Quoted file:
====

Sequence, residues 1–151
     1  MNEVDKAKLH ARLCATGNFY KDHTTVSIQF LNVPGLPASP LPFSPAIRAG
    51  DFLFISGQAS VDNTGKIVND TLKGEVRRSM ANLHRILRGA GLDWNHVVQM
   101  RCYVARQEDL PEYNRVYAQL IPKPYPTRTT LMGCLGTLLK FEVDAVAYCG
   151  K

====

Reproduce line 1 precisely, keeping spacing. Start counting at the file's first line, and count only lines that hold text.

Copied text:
Sequence, residues 1–151